Self-belief, confidence, critical tools for Jamaica's eSports pioneers

By Melissa Talbert August 29, 2020

Although it is often considered a career choice well off the beaten path, as far as regular 9 to 5s go anyway, eSports innovator, Sheraine Peart, urges young gamers and designers to not think limits in relation to what can be achieved in a rapidly growing industry.

It’s no secret that embarking on the journey towards unconventional careers is often met with the usual warnings; always have a plan B or just to avoid it entirely.  Peart, however, believes that for gaming the winds of change have begun to blow in regards to such notions, in no small part due to the work of organisations altering that perception.  The work of places like the Jamaica Animation Nation Network (JANN), for example, has proven invaluable in improving the skill sets of animators in Jamaica.

“I hope Jamaicans won’t think of animation and game design as careers that only exist overseas,” Peart, the creator of titles like ‘Zsymel’ and co-creator of ‘Son (of a) net’ and  ‘Twisted Therapy,’ said.

“I’m proud of the initiatives supporting eSports in Jamaica. It’s hard work carving out space, getting the funds, and functioning in an industry that’s not as mainstream in Jamaica as say medicine. I’m very impressed with what has been accomplished but they [eSports organisations] need more funding,” she added.

 Funding aside, the digital artist, who specializes in animation, illustration, writing, and coding, can face a number of struggles.  One of the most significant obstacles Peart points out is a crisis of confidence.

“Working in a creative field is rough. There's a mental aspect to it that no one really talks about. It's as much about your confidence and belief in yourself as it is about your skills. I've met many artists who would be so much further than I am if they had the confidence to put themselves out there,” Peart explained.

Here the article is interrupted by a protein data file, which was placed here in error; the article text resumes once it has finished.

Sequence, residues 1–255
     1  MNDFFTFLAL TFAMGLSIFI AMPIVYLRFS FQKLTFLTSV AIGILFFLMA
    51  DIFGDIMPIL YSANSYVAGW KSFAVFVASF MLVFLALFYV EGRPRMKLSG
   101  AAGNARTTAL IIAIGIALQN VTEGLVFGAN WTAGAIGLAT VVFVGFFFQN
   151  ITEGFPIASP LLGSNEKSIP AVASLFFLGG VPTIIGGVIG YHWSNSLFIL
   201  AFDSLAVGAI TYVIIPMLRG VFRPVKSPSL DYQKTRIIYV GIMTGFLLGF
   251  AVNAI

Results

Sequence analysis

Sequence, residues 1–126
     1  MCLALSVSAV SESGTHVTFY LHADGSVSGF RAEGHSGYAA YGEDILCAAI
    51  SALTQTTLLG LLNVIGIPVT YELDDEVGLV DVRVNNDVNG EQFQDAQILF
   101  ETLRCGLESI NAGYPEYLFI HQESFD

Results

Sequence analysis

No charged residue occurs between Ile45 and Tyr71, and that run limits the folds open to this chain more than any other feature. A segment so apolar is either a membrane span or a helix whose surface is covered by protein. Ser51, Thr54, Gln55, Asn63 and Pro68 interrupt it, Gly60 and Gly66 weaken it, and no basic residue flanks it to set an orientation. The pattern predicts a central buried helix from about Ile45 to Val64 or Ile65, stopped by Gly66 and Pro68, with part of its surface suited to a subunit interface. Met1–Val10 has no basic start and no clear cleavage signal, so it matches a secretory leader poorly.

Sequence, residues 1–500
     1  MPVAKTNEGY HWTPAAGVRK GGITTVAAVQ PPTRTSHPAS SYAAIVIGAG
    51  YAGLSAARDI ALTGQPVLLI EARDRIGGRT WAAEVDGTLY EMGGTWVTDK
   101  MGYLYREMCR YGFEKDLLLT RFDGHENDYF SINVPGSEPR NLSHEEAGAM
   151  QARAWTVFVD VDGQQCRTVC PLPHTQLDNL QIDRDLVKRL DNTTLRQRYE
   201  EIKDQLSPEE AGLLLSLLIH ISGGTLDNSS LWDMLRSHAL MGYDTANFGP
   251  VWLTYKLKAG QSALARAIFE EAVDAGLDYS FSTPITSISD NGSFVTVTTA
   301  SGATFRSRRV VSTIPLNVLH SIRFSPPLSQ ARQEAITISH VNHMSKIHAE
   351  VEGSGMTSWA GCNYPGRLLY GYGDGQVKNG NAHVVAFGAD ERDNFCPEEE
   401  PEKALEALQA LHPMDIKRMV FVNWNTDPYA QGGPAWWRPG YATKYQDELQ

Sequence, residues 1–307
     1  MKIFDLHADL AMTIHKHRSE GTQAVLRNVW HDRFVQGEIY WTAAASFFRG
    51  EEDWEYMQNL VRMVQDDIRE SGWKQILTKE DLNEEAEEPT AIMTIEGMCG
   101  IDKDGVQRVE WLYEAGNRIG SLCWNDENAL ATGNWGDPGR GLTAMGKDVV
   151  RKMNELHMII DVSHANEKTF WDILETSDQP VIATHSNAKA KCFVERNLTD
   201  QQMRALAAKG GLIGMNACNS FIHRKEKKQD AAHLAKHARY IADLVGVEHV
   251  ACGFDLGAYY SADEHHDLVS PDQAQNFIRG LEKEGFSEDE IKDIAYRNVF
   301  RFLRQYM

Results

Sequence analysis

At one point, she admits it was difficult even for her to know what to do next.  Peart was accepted into the Digital Stone Project in Italy and became the first Jamaican artist to take part. It resulted in her first international exhibition as a traditional artist.

After returning to New York, from Italy, she feared the worst.  She began to think it was impossible to top her previous achievement, to accomplish more amazing and groundbreaking feats.  The self-doubt crept in when she began comparing herself to others who were veterans.  Peart, however, sought solace in her art.

She designed Pari, a character from her virtual reality game ‘Zsymel’.  The character serves as a visual representation of how she felt during that crisis of self-doubt.  Pari is a war refugee trying to find ‘home’. She is a double leg amputee and a kickboxer whose friend Hok'to designs her prosthetics. She’s also the least developed character in the game.

 The key thing, however, is that the character doesn’t let her limitations stop her from accomplishing her dreams.

“I’m proud of the character’s growth and I want to share that with others,” Peart explained.

Pari and the eSports community have something in common, extreme limitations. The eSports community lacks funding and support, while Pari has no legs. Naturally, both situations could result in feelings of inadequacy. However, the eSports community would do well aiming to continue to match the example of Pari’s drive and determination regardless of the circumstances.


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